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AFRICAN PLANTBASED: What I eat when I travel in Uganda

Travelling and plantbased eating is not always easy! Getting out of our comfort zone is always a challenge worth experiencing. Travelling to a country like Uganda and eating plant-based is definitely a gamble, but getting in touch with the local produce and finding the best alternatives is a really valuable discovery!

Here is what I ate on my trip to Uganda!



Uganda has fertile soil where a variety of fruits and vegetables grow in abundance.

It is common to eat only fruit for breakfast. I love bananas, mangoes and watermelon. It's also common to see street vendors selling freshly squeezed juices. My favourite? Pineapple and passion fruit... what a delicacy!

Avocados are also plentiful and never missing from the table, as they are easy to find on the trees and are always ripe at the right time.

Most of the fruit and vegetables you buy in the markets and from street vendors are natural and organic. Small farmers use only natural fertilisers and herbicides, and organic farmers sell their fruit and vegetables in many shopping centres in Kampala.


Another product that grows in abundance in Uganda is hibiscus.

Hibiscus tea is an herbal tea made from the roselle hibiscus flower. The roselle is a flower native to Africa. Hibiscus tea is widely grown and consumed in East and West Africa, where farmers trade and sell it in the markets.

It has so many benefits!

  • It relieves cramps and menstrual pain;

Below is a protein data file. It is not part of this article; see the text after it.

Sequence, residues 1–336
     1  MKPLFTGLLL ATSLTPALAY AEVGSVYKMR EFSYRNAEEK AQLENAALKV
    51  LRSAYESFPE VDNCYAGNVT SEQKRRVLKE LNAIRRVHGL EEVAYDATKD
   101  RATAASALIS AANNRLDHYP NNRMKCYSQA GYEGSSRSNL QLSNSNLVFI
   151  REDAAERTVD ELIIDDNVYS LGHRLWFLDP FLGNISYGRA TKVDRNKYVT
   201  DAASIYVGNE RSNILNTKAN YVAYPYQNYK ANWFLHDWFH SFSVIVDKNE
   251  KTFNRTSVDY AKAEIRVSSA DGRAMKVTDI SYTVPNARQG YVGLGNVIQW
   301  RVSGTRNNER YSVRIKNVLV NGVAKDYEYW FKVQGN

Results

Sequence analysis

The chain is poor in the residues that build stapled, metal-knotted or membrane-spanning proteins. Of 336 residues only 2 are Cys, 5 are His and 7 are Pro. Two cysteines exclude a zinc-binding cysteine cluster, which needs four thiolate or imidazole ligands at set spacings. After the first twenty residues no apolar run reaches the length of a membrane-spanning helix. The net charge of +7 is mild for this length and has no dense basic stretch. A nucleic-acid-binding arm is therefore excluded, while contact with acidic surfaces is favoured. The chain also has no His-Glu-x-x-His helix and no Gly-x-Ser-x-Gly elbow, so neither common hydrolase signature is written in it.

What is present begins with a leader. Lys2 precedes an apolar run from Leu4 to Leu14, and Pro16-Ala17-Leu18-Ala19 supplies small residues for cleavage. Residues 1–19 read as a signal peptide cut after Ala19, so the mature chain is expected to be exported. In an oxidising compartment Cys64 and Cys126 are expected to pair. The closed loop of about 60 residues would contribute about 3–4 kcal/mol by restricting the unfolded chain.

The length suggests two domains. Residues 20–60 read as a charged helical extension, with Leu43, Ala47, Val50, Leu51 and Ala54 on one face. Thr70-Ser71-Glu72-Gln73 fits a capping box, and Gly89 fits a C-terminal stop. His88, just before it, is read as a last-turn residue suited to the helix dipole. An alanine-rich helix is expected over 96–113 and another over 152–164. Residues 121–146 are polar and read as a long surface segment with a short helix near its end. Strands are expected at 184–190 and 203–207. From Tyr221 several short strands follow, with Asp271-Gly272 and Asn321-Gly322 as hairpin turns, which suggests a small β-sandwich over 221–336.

• It has anti-inflammatory and antibacterial properties;

  • It has anti-depressant properties;

  • It protects the liver;


Too good!

Matoke is the name of the plantain, a type of green banana grown in Uganda, and also refers to a dish made from these bananas. This one-pot dish is even the national dish of Uganda.

Although the fruit itself is the same yellowish colour as the banana, the skin of the matoke is green, and unlike the banana, the matoke must be cooked before eating. In Uganda, the fruit is often steamed in its leaves and used in a variety of dishes.... similar to how we use potatoes in our recipes.


One of the most popular dishes in Uganda is posho (made from maize flour) with beans, peas or other pulses. This inexpensive meal is a common poor people's food in Uganda. It is served to school children at lunchtime, to families for dinner and in many workplaces.

It is a really simple but very tasty and filling dish!


Cassava is one of Uganda's most important crops. Cassava, also known as cassava in other countries, is a plant with large roots; these roots are the part that is consumed.

You can eat the roots peeled raw or prepare them for drying. The dried roots can be ground to make cassava flour. Cassava porridge is an everyday food and dish that can be enjoyed with peanut sauce.

However, fried cassava trumps all other cooking methods.... it is truly delicious!


Knowing the place you are visiting and connecting with the locals is key to opening yourself up to discovering a culinary tradition that is different from your own. It is certainly a challenge to eat vegan while travelling, but with the right willpower, it will be really easy to find plant-based dishes every day.


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